Thousands rally in Pittsburgh to raise money for breast cancer research
Lisa DeBlanc-Smith hobbled on a cane across the finish line on Sunday and collapsed in tears in the arms of her family.
“My knees started hurting on the back stretch, and I knew if I sat down, I wouldn't finish,” said DeBlanc-Smith, 51, of Rankin, whose arthritic knees need to be replaced. “My daughter said I would finish if she had to carry me.”
DeBlanc-Smith was one of 25,000 walkers and runners, including about 2,500 breast cancer survivors, who took part in the 21st annual Komen Pittsburgh Race for the Cure in Schenley Park in Oakland. This year, the Pittsburgh affiliate will give $1.1 million to local groups for education, screening, treatment and breast cancer research.
DeBlanc-Smith learned she had breast cancer in early 2000 and initially accepted it as a death sentence. But her mother, Louise Smithwick of Homestead, refused to accept that.
“My mom pulled all my kids in front of me and said, ‘You have to live for them,' ” DeBlanc-Smith said.
She endured a year of chemotherapy, weekly inoculations and frequent surgeries. This was her 14th walk, and at the finish line, her emotions swelled. She thought of two of her daughters — Nakia and Shielah DeBlanc. Nakia graduated from California University of Pennsylvania in December, and Shielah will graduate from Cal on Saturday.
“I thank God I lived long enough to see both of them (graduate),” she said.
DeBlanc-Smith wore pink eyeblack stickers on her face, one with Komen's ribbon logo; a pink baseball cap turned backwards; and a pink T-shirt emblazoned with her photo and pinned with a Mother's Day corsage of carnations.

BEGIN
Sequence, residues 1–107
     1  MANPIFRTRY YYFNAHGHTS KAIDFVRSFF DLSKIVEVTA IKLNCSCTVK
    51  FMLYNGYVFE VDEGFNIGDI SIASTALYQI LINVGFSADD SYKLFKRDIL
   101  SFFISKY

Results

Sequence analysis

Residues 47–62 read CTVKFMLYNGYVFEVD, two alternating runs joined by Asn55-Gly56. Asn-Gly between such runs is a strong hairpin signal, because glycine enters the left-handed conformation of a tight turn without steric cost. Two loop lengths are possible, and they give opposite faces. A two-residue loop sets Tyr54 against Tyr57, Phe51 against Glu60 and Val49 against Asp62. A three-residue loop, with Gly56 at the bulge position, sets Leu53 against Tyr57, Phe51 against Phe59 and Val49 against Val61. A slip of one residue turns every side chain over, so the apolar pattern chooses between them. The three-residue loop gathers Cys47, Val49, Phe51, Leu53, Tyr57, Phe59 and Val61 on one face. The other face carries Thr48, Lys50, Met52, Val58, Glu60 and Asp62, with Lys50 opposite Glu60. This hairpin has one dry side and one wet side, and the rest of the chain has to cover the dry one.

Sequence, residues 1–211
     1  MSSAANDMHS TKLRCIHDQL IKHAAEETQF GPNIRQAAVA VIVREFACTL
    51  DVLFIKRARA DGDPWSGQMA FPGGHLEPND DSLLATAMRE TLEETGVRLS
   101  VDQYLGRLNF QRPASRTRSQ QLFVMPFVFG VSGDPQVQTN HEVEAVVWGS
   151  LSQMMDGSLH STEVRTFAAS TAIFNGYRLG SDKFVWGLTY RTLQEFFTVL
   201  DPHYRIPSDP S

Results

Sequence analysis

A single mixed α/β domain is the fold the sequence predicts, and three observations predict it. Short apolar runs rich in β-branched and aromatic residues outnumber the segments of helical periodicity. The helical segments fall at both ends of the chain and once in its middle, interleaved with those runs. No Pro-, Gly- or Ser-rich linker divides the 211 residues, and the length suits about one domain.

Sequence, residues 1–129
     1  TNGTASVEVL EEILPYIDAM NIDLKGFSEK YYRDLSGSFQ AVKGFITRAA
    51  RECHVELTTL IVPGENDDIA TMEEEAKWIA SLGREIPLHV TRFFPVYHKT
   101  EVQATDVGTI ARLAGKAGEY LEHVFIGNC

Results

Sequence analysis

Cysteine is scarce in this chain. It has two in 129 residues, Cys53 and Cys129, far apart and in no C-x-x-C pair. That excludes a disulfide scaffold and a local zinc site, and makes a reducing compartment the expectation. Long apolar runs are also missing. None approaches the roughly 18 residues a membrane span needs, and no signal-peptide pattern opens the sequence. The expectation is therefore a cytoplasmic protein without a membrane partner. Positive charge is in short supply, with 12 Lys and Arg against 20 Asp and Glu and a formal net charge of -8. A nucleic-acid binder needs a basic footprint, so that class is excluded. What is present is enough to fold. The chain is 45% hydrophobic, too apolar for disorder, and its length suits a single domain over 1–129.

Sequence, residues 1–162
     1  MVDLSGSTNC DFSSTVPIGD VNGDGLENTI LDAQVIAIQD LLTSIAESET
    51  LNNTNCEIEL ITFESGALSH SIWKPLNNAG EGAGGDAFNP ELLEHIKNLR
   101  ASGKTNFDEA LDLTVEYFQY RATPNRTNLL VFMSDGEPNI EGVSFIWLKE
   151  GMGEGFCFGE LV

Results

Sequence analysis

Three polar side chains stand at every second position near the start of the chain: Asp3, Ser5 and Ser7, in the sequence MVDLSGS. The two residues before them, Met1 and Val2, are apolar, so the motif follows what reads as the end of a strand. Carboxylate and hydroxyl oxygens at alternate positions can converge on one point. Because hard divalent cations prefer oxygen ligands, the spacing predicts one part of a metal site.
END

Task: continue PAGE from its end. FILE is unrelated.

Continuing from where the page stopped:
“I walked for all the mothers and all the breast cancer survivors,” she said.
Sisters Dora Packowski, 63, of Wilkins and Maggi Bush, 62, of North Huntingdon have been doing things together for their whole lives. They did not expect to have breast cancer together, though.
Packowski was diagnosed six weeks after her husband died.
After the race, Bush planned to throw a party with baked beans, pasta salad, meatballs the size of softballs, haluski, hot sausage, barbecued ribs and Butterfinger brownies. It was for her sister.
“We'll have a bottle of Asti to celebrate my fifth anniversary of being cancer-free,” Packowski said. Bush has been cancer-free for four years.
Sue Cardillo, a spokeswoman for the race, said participation in the walk was down 5,000 from last year. She blamed it on the weekend's wet and unseasonably cold weather, the closing of the Squirrel Hill Tunnel and last month's explosions at the Boston Marathon.
But she said organizers expect to raise $100,000 to $300,000 more than last year.
Wesley Groll, 22, of Peters crossed the finish line in the outfit of an ancient Spartan warrior. Bare-chested, he held a gold-colored shield and wore matching helmet, wrist guards, leg armor and a pink cape. He took part in the race to honor the breast cancer survivors in his family.
“Today I am a warrior in pink,” he proclaimed.
Bill Zlatos is a staff writer for Trib Total Media. He can be reached at 412-320-7828 or firstname.lastname@example.org.
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